Reliable quantitative precipitation estimation with a rich spatiotemporal resolution is vital for understanding the Earth’s hydrological cycle. Precipitation estimation over land and coastal regions is necessary for addressing the high degree of spatial heterogeneity of water availability and demand, and for resolving the extremes that modulate and amplify hazards such as flooding and landslides. Advancements in computation power along with unique high spatiotemporal and spectral resolution data streams from passive meteorological sensors aboard geosynchronous Earth-orbiting (GEO) and low Earth-orbiting (LEO) satellites offer exciting opportunities to retrieve information about surface precipitation phenomena using data-driven machine learning techniques. In this study, the capabilities of U-Net–like architecture are investigated to map instantaneous, summertime surface precipitation intensity at the spatial resolution of 2 km. The calibrated brightness temperature products from the Global Precipitation Measurement (GPM) Microwave Imager (GMI) radiometer are combined with multispectral images (visible, near-infrared, and infrared bands) from the Advanced Baseline Imager (ABI) aboard the GOES-R satellites as main inputs to the U-Net–like precipitation algorithm. Total precipitable water and 2-m temperature from the Global Forecast System (GFS) model are also used as auxiliary inputs to the model. The results show that the U-Net–like algorithm can capture fine-scale patterns and intensity of surface precipitation at high spatial resolution over stratiform and convective precipitation regimes. The evaluations reveal the potential of extracting relevant, high spatial features over complex surface types such as mountainous regions and coastlines. The algorithm allows users to interpret the inputs’ importance and can serve as a starting point for further exploration of precipitation systems within the field of hydrometeorology.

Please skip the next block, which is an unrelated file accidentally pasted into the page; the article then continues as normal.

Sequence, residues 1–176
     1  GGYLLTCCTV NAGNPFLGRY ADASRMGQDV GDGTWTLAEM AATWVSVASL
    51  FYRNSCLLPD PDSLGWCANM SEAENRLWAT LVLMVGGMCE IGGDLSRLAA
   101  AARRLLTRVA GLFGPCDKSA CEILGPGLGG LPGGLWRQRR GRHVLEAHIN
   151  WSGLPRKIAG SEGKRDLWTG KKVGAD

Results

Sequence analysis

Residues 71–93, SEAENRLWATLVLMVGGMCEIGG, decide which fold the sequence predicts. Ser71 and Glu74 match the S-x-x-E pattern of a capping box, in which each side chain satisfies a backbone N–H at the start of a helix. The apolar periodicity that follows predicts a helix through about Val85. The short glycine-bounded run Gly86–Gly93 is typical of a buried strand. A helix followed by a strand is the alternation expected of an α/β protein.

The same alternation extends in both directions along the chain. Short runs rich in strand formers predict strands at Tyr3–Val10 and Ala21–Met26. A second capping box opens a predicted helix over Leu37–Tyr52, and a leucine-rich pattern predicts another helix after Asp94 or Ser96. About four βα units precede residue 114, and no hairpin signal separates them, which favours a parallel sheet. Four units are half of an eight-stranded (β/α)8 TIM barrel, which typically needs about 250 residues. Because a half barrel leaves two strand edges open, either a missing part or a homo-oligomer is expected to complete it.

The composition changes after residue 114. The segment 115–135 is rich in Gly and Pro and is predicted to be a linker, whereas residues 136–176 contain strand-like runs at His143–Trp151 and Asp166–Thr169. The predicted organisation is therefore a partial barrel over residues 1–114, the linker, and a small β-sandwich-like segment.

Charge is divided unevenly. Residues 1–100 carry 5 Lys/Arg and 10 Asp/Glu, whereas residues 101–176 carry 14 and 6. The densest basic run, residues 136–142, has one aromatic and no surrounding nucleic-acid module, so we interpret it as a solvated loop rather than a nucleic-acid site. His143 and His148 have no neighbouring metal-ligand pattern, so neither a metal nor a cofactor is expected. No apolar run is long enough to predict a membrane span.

Open access
Rasmus Wiuff

Abstract

World extremes in meteorology are important as they can be used as indicators for climate change. This was one of the main reasons for the creation of the World Meteorological Organization’s World Weather and Climate Extremes Archive in 2006. In contrast to temperature, for instance, which can be described by a single parameter, point rainfall must be described by two parameters, for example, precipitation depth and duration. This makes it difficult to directly compare different rainfall records. In this article, however, it is shown that the world’s greatest rainfall events, with durations ranging from 1 min to 2 years, all have nearly the same precipitation intensity duration index, a new dimensionless number. As a theoretical consequence, the intensity of all these record rainfalls is inversely proportional to the square root of their duration. This physically based result is consistent with earlier statistically based findings. The last measured record rainfall on the World Meteorological Organization’s record list is the point rainfall with the largest precipitation intensity duration index since 1860. This 4-day rainfall that began on 24 February 2007 on Cratère Commerson, Réunion Island, can be considered the largest point rainfall within documented records.

Significance Statement